The history of Gangtok is not very well known but its history dates back to the construction of the hermetic Gangtok monastery built in the year 1716. Until the construction of the Enchey Monastery in 1840, Gangtok remained a small hamlet. After an English conquest in the mid 19th century, it became the capital city. At the end of the 19th century, Gangtok became a major stopover on the trade between Tibet and British India after the defeat of the Tibetans by the British.
Thutob Namgyal, the Sikkimese monarch under British rule shifted the capital from Tumlong to Gangtok in the year 1894. Following India's independence in 1947, Sikkim became a nation-state with Gangtok as its capital. It retained its sovereignty, by the treaty signed between the Chogyal and the then Indian Prime Minister Jawaharlal Nehru..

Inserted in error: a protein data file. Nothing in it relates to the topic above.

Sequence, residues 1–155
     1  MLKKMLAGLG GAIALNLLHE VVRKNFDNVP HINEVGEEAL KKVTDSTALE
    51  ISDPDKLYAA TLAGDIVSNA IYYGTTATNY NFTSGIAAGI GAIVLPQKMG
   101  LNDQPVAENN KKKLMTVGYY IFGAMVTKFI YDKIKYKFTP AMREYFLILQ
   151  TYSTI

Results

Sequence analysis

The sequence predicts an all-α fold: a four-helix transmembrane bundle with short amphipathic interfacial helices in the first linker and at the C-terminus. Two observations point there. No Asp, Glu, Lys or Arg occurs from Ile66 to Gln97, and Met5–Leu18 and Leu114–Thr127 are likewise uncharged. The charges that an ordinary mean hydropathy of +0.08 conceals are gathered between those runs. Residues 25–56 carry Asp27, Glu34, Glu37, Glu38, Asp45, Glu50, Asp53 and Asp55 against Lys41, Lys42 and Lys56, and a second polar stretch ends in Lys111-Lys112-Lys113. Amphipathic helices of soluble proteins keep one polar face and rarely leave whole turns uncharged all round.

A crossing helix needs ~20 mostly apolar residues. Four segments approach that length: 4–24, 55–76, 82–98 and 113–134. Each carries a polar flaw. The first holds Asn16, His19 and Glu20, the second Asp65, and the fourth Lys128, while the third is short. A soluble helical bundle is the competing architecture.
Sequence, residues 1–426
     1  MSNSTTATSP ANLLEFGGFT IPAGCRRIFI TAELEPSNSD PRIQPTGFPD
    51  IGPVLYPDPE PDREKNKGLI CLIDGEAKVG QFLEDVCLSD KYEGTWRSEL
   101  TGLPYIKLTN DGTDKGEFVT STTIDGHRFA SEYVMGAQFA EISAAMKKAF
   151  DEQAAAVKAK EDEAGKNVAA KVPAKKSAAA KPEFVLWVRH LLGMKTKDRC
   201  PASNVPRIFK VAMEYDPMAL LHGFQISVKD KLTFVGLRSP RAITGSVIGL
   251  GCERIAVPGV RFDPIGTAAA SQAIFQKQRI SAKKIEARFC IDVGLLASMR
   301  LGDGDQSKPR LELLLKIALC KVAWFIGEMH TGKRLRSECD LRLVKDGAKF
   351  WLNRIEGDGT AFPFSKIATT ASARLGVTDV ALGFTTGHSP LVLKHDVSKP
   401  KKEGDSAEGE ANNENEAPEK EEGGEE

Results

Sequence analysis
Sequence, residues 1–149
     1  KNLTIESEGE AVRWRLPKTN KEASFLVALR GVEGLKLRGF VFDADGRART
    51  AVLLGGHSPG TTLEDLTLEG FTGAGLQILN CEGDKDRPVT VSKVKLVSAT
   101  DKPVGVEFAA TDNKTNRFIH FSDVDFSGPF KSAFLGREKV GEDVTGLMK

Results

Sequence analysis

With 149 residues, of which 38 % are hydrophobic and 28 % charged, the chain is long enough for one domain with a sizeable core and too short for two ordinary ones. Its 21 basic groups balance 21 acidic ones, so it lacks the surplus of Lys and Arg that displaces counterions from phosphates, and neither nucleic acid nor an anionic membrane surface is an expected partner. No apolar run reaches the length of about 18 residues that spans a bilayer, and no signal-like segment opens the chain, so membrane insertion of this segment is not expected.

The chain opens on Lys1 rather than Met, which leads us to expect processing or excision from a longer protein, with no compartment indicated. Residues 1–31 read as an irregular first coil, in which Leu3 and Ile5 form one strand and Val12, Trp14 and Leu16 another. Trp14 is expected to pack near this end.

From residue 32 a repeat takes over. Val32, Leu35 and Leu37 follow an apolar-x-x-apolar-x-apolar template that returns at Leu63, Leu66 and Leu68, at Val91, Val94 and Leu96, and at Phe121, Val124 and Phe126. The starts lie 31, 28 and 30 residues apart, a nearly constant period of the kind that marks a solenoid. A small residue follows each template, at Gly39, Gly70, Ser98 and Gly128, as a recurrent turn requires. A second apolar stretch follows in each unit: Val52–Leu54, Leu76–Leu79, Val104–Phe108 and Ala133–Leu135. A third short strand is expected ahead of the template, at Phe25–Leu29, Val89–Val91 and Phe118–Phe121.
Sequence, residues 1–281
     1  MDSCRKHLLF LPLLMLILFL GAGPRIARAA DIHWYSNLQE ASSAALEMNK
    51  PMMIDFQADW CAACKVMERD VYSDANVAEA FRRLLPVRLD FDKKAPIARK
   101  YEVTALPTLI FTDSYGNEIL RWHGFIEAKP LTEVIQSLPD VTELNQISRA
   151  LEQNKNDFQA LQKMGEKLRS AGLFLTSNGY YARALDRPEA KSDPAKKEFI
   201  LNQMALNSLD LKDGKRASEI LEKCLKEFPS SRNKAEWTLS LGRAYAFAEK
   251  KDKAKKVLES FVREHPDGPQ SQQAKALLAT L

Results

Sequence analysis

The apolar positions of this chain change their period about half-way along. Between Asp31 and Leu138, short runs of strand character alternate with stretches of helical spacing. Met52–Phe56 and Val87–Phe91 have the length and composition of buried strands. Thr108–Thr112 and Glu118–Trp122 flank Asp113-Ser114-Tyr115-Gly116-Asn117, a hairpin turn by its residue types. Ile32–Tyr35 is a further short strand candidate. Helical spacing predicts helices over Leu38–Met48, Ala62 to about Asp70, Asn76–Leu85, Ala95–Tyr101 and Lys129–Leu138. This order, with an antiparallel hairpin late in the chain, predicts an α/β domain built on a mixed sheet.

In 1962, the ancient Silk Road near Gangtok passes was sealed after the Sino-Indian War. In a hope of an economic boom, the Nathula Pass was finally opened for limited trade in the year 2006.
After several political struggles and several riots, the monarchy was laid down and Sikkim became India's twenty-second state, with Gangtok as its capital in the year 1975.